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Growing Hyssop OR.

Growing Hyssop OR.

Growing Hyssop 

Hyssop can be started in containers, indoors or outdoors. If you plant in a container make sure the pot is deep enough to accommodate a large root system. Sow seeds indoors or directly in the garden in early spring. Hyssop prefers full sun to partial shade with a well drained, even dry, soil. You can amend soil with organic matter. Sow seeds just beneath the surface, approximately ¼-inch deep. Germination generally takes between 14 and 21 days, but can take as long as a month, so be patient. Transplant if sown indoors after all threat of frost has passed. Space between 6 inches and 12 inches apart. You can also sow the seeds outdoors in late fall for spring germination.Hyssop blooms in late summer through early autumn with flower spikes of deep blue, red, pink or white. It is a member of the mint family and has a very aromatic somewhat medicinal smell. When the leaves are crushed they have a mint like odor. Because of its medicinal smell Hyssop has a history as a cleansing herb.

Hyssop

Hyssop can be started in containers, indoors or outdoors. If you plant in a container make sure the pot is deep enough to accommodate a large root system. Sow seeds indoors or directly in the garden in early spring. Hyssop prefers full sun to partial shade with a well drained, even dry, soil. You can amend soil with organic matter. Sow seeds just beneath the surface, approximately ¼-inch deep. Germination generally takes between 14 and 21 days, but can take as long as a month, so be patient. Transplant if sown indoors after all threat of frost has passed. Space between 6 inches and 12 inches apart. You can also sow the seeds outdoors in late fall for spring germination. Hyssop, Hyssopus officinalis, is a semi-evergreen shrub in the mint family, yet is less commonly grown than other culinary herbs. It was particularly popular during the Middle Ages, used as a flavouring in soups and stuffings. Now it’s more commonly used in the distillation of certain liquors and to give the famous green colour to absinthe.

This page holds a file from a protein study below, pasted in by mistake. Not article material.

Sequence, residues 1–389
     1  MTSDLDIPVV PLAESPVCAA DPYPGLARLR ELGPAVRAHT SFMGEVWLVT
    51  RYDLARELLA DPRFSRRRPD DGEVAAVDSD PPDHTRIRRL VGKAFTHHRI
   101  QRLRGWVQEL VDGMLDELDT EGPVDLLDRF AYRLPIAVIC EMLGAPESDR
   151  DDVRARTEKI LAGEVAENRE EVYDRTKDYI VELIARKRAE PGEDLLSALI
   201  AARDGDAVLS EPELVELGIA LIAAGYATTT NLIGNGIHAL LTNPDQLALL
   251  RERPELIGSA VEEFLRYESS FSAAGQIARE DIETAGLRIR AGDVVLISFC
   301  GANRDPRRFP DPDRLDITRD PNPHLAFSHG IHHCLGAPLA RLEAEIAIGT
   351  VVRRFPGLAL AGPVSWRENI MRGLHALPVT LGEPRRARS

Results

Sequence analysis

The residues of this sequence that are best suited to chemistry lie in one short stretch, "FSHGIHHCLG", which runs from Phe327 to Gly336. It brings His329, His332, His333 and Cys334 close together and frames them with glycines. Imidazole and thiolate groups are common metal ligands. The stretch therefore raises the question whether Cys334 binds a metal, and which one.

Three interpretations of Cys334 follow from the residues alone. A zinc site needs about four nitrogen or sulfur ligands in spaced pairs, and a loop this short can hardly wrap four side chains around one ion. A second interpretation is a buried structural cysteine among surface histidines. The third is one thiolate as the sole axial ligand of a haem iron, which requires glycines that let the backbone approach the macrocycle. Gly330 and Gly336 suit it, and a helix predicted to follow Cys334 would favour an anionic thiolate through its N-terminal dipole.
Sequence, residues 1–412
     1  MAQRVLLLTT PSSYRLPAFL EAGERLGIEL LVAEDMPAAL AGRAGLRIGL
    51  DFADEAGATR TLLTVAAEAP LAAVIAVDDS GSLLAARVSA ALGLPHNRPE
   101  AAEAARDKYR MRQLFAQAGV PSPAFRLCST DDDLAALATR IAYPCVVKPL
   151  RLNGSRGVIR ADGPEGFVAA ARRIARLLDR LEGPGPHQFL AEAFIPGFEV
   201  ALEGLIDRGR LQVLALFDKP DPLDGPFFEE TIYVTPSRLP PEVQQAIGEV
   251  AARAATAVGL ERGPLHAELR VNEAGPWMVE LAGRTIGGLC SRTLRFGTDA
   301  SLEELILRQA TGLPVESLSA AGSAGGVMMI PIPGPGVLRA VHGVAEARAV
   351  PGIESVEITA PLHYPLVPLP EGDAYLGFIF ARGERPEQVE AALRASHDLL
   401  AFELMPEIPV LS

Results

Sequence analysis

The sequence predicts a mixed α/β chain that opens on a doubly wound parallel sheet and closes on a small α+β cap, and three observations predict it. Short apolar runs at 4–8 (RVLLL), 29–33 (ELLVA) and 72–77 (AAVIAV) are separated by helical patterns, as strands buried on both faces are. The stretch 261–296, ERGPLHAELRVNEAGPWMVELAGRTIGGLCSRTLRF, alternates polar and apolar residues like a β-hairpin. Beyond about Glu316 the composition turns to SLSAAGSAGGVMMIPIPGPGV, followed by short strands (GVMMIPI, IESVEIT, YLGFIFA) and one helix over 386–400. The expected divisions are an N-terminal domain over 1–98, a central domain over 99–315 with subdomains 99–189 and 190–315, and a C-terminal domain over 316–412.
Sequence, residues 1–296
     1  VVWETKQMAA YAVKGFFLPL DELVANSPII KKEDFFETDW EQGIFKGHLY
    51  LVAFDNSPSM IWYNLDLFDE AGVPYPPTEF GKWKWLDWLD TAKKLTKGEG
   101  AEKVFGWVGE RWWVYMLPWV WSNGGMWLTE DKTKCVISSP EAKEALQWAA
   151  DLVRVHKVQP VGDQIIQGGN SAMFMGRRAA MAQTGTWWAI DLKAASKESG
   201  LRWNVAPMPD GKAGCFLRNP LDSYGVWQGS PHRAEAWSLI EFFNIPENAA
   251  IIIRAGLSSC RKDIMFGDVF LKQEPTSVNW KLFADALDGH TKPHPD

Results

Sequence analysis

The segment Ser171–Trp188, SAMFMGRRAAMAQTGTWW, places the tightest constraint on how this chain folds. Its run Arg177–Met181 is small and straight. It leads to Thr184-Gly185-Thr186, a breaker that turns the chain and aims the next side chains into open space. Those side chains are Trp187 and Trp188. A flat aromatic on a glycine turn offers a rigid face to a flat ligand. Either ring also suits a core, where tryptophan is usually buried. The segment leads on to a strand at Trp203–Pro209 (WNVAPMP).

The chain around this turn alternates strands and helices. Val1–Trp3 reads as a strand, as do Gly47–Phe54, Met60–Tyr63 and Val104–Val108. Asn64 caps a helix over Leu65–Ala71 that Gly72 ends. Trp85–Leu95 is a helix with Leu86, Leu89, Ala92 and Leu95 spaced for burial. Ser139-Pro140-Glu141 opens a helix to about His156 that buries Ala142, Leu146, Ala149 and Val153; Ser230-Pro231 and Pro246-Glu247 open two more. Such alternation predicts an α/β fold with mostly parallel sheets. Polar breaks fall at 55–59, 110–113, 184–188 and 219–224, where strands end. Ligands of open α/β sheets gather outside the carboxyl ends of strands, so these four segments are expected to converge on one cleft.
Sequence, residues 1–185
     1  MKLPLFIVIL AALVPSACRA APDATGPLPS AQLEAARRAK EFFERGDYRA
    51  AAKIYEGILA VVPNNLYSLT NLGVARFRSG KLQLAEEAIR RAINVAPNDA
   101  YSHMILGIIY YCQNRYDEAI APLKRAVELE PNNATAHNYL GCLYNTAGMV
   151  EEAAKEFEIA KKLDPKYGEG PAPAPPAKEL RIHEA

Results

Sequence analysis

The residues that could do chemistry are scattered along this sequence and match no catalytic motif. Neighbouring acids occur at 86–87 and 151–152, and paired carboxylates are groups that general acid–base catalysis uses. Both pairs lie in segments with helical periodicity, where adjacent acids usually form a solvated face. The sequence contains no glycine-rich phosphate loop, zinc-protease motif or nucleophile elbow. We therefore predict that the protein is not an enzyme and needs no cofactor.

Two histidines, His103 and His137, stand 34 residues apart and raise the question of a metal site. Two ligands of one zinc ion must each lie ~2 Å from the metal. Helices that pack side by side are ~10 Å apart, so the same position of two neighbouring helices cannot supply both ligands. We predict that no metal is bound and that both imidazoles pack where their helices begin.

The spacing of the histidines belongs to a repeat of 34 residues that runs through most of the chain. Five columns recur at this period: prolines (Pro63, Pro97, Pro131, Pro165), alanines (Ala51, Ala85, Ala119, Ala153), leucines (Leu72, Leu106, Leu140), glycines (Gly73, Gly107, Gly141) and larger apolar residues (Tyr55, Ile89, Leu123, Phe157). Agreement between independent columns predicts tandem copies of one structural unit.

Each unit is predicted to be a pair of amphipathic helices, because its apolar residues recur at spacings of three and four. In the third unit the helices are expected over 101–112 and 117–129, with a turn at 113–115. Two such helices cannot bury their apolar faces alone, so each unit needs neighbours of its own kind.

However, it’s ideal for using in hearty stews and goes well with meat such as lamb or chicken. Its leaves have a strong flavour so only a few are required when cooking. It makes a good alternative to sage.Nowadays, however, Hyssopus officinalis has a lower profile and is not as widely grown as its cousin mint or culinary herbs such as parsley, sage, and rosemary. But hyssop deserves a spot in your herb garden, where it will attract pollinators, send up spiky purple flowers, and provide you with leaves to make soothing tisanes. As a companion plant in a vegetable garden, its strongly scented leaves can repel aphids. And with a compact, bushy habit, hyssop also is a lovely, front-of-the-border ornamental plant for a Hyssop was once the first herb people thought of growing—used since ancient times for both medicinal and aromatic purposes. The bushy perennial herb’s spiky flowers and scented leaves earned several mentions in the Bible, perhaps most famously invoked in Psalm 57 as a means to banishing transgression: “Cleanse me with hyssop, that I may be pure; wash me, and I will be whiter than snow.”(Source:www.gardenista.com)

 

 

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